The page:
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Sunday, 12 May 2013 22:00

Ballrooms bring out downtown history

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The Ballroom at McKay Tower blends the historical character of the nearly century-old facility with the modern furnishings most people expect to have for events such as weddings. The renovation project designed by Craig Architects Inc. was built by Owen-Ames-Kimball Co., the contractor that originally built the building in 1916. The Ballroom at McKay Tower blends the historical character of the nearly century-old facility with the modern furnishings most people expect to have for events such as weddings. The renovation project designed by Craig Architects Inc. was built by Owen-Ames-Kimball Co., the contractor that originally built the building in 1916. COURTESY RENDERING

Two long-forgotten downtown Grand Rapids bank lobbies have found new life as event spaces thanks to recent renovation projects.

Both the Ballroom at McKay Tower and the Ballroom at CityFlats Hotel blend the facilities’ historic charm with the capabilities of modern amenities.

While their interiors feature turn of the century embellishments like original marble finishes and intricate woodwork, each space is outfitted with all the necessary accoutrements today’s event-goers demand.

But adding high-end sounds systems and bringing original finishes back to life isn’t the difficult part of these projects, said Richard Craig, the owner of Craig Architects Inc. who designed the renovation for both projects.

“The biggest challenge is getting A/C and ductwork from being exposed and getting lighting and power in there to do things that ballrooms need to do,” Craig said. “That really takes the most imagination.”

Having the owner select a period aesthetic (e.g. early 20th century architecture) and narrowing the design to the best use of the space — wedding receptions, in the case of both McKay Tower and CityFlats — helps to manage the renovation process, Craig said.

“We try to be flexible, but our focus was weddings,” he said. “If you have solved how (the space) would work for weddings, other uses work just as easily.”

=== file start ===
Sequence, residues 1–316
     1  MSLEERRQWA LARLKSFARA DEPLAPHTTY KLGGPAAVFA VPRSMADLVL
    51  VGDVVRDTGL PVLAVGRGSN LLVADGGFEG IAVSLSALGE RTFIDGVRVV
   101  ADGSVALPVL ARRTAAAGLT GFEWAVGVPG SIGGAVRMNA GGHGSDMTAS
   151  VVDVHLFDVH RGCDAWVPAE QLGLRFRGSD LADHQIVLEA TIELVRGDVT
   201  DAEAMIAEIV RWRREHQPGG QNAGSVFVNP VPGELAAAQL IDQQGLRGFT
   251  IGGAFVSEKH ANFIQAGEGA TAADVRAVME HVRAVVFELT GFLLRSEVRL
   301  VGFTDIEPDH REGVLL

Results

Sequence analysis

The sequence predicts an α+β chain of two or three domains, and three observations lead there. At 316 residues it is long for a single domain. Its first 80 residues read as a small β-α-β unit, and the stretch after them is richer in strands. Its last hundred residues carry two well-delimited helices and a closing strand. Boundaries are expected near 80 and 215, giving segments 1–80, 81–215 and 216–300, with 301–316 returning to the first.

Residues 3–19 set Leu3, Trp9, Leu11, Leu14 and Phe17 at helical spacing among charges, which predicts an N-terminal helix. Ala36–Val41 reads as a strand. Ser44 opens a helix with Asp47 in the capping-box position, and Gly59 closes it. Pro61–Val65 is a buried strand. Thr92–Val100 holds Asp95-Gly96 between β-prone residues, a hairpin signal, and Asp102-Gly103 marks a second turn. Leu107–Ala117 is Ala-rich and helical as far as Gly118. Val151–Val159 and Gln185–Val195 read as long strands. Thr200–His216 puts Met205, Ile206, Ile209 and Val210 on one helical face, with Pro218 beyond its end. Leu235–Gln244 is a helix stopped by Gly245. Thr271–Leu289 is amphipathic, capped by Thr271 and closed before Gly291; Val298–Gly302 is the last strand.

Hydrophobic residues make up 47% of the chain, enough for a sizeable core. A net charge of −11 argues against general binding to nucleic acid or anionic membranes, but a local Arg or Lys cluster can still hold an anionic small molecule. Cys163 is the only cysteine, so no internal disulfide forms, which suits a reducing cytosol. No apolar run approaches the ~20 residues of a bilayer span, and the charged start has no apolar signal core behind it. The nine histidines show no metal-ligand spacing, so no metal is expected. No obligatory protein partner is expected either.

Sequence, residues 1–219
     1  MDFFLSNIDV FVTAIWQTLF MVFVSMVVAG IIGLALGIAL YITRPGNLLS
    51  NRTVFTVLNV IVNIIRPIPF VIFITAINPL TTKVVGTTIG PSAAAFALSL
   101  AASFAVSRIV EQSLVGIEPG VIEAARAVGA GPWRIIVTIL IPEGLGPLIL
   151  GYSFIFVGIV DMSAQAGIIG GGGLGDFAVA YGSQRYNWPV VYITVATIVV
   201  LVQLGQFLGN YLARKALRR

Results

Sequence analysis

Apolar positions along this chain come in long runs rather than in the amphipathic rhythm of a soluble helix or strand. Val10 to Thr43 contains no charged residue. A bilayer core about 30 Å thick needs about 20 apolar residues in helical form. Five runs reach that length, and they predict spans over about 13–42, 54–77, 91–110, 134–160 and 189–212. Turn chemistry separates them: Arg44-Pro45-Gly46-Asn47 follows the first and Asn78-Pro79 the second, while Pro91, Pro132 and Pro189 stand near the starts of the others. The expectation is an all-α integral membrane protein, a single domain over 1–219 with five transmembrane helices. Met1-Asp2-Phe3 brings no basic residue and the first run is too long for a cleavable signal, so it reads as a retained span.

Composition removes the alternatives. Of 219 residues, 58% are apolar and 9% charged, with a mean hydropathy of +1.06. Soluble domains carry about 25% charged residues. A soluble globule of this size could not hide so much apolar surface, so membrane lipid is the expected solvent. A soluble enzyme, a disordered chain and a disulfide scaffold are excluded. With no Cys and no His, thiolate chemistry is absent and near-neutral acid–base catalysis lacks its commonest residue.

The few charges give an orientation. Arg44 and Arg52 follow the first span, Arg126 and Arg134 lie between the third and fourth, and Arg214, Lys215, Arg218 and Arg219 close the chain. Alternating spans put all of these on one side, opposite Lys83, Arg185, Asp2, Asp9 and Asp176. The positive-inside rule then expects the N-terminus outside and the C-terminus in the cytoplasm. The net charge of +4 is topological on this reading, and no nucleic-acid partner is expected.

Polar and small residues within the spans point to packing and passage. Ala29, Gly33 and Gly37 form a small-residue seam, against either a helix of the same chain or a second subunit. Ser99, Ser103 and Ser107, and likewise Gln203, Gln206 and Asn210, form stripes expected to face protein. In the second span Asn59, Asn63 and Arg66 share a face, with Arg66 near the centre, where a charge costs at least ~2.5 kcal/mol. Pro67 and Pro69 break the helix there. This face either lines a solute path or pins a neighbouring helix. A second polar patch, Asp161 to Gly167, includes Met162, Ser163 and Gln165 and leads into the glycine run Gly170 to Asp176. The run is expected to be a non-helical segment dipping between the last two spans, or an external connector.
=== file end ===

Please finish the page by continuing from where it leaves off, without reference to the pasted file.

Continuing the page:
Another helpful tool, which Craig said many architects don’t utilize enough, is the Michigan code guide for the rehabilitation of existing buildings. Taking into account the entire building using a sort of scorecard, architects can navigate around potentially detrimental and undesirable modifications.

In one instance, an exit door to a staircase in McKay Tower was two inches too narrow, and the builders would have had to destroy some of the surrounding marble wall to widen it. Based on the analysis of the entire building, the project was able to keep the door as-is, Craig said.

Another plus for the McKay renovation: Construction managers Owen-Ames-Kimball Co. had a set of plans for the four-story structure. The Grand Rapids-based construction company built the original structure nearly a century ago.
“It’s always beneficial to have the original drawings and to be able to understand the details hidden within the construction,” said Brad McAvoy, project manager and director of engineering services for O-A-K. “Also, it can you give an example of a design/existing infrastructure problem that had to be reworked.”

From those original plans, the O-A-K crew knew it would need to get creative with how it would have to structurally support the ballroom’s large chandeliers, he said.

“A bank lobby today wouldn’t have been built like this lobby was constructed,” McAvoy said. “It’s amazing that the high-end finishes used in 1916 are still desirable and have held up to the nearly 100 years of use.”

The owners of McKay Tower are hosting an opening reception for the $800,000 project on May 17.

The Hinman Co.’s $500,000 renovation of the Ballroom at CityFlats was completed last fall and has been open for business since then.

For CityFlats, the vaulted ceilings allowed enough room to hide ductwork, and original 150-watt incandescent lights were replaced with LEDs that went into the existing fixtures. Still, crews also had to figure out how to install fire prevention systems as well as reduce noise coming from ventilation systems in the space.

While there were some code issues and variances needed to circumvent other troublesome aspects of the remodel, neither project had to follow any historic preservation guidelines. However, both owners were sensitive to the historic architecture, Craig said.

“The things to feature are the things that aren’t possible to do anymore like the details in the ceiling and the woodwork,” he said. “No new renovation can match what is already there.”

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